Qu’est-ce que c’est?, by Craig Schroeder
There is little reason for L.A. Slasher—the new horror/comedy from director Martin Owen—to have been made. There are even fewer reasons for anyone to come to the conclusion that this film is anything other than a vapid, misogynistic, pedestrian, reprehensible piece of filmmaking with as much artistic merit and visual dynamism as a burst garbage bag of glittery, night-club trash.
L.A. Slasher is repugnant, spouting a set of ethos that lack common decency towards every aspect of the human experience. When a psycho killer—who wears an all white suit, an expressionless mask and a wig straight from the Gene Simmons collection—becomes fed up with America’s celeb obsessed culture, he begins abducting and slaughtering reality TV stars (way to punch up, guys) and socialites, people the filmmakers deem killable; your generic-brand Kardashians, Biebers, Teen Moms, all of them are fair game. And most of these characters are played by the same caliber of celebrity niches the film condemns and vilifies (including reality star Brooke Hogan, porn star Tori Black and cocaine-muppet Eric Roberts). And let’s be clear, it’s not just the killer who thinks these people should be kidnapped, tortured, humiliated and killed in gruesome ways, it’s the film itself, taking every opportunity to assure the audience that these people are subhumans that “deserve what’s coming to them”.
There are too many stupid things in L.A. Slasher to adequately dissect. Like the fact that all of the characters have Twitter accounts and their live-tweets appear on screen, despite the fact that we can see they aren’t tweeting. Or the fact the writers don’t have a firm grasp on subject-verb agreement (“Is there any men here?”). Or that the Slasher is voiced by Andy Dick (finally answering the question what would it be like if Charles Nelson Riley was the voice of Michael Meyers?). Or that there are only three minority characters in the film (one’s a stripper and the other two are drug dealers). Or the fact that the entire credo of the film is the most pedestrian commentary on reality television, yet the film fancies itself a social satire on par with Swift’s A Modest Proposal. But let’s not focus on the stupid parts of L.A. Slasher, instead, let’s zero in on the film’s impenitent misogyny and callousness towards humanity.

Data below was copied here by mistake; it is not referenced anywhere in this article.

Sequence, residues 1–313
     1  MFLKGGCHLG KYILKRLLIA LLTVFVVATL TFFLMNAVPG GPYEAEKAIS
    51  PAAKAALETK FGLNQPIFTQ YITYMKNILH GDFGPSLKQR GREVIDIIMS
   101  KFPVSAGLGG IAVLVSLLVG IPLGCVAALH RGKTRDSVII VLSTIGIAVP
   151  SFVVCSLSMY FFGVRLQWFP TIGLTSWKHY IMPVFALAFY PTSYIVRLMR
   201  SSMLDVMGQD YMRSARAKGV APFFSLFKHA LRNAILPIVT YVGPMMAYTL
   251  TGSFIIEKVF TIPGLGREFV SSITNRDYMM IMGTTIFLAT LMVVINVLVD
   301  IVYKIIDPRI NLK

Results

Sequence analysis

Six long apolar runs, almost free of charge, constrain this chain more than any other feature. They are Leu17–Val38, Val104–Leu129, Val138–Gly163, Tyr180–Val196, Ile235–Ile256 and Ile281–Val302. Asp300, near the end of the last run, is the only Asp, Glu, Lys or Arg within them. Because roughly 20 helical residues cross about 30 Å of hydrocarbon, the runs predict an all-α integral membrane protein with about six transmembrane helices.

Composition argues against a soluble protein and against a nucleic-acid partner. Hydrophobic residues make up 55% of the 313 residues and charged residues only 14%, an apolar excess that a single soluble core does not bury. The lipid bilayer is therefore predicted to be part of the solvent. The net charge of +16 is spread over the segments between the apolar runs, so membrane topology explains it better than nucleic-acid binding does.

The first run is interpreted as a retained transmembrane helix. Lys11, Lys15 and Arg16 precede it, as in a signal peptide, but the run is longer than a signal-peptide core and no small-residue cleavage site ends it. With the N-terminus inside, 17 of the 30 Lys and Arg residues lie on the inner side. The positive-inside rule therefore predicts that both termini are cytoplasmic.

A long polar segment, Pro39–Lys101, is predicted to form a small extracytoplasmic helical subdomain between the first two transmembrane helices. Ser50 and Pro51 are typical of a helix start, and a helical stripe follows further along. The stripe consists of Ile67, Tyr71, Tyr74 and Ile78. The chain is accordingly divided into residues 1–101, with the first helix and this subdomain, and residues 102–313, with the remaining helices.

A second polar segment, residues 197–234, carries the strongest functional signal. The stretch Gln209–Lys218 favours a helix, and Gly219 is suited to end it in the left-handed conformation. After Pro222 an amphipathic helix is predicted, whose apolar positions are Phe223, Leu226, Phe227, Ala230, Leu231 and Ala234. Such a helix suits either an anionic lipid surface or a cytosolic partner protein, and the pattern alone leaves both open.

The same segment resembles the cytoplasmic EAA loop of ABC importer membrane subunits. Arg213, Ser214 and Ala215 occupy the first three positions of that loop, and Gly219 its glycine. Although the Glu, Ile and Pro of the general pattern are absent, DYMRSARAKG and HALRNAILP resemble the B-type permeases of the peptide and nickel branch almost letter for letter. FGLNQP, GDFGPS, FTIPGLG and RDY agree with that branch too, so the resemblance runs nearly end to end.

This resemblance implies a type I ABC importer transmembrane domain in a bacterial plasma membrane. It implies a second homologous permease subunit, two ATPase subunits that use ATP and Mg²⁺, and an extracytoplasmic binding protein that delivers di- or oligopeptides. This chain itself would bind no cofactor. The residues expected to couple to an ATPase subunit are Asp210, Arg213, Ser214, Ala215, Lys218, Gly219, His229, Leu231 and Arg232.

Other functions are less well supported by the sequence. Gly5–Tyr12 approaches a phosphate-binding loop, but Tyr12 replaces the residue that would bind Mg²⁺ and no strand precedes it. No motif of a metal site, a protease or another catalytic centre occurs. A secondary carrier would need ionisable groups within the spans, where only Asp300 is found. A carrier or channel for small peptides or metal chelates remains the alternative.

I don’t know how to adequately condemn a movie that is so brazenly hateful towards women. Every (EVERY!) female character is referred to as a “bitch”, “whore”, “gold-digger” or any number of other horrible derogatory terms leveled at them with nonchalance (by the killer and audience surrogates alike). And if it wasn’t enough to be subject to hate-speech, the women in L.A. Slasher are constantly being threatened with rape and sexual humiliation, which the film uses both for scares and laughs. Peripheral characters—most prominently, an insufferable pillock who hosts CBUZZ, an interstitial news show in the vain of MTV News—are apathetic towards the abducted women themselves, only showing concern for their well-being if they deem the victim particularly attractive. In one instance, the aforementioned pillock (who serves as both comic relief and a person for whom the audience is mean to identify with) announces the abduction of a reality starlet and says “I hope she’s safe……I like to jerk off to her, sometimes.”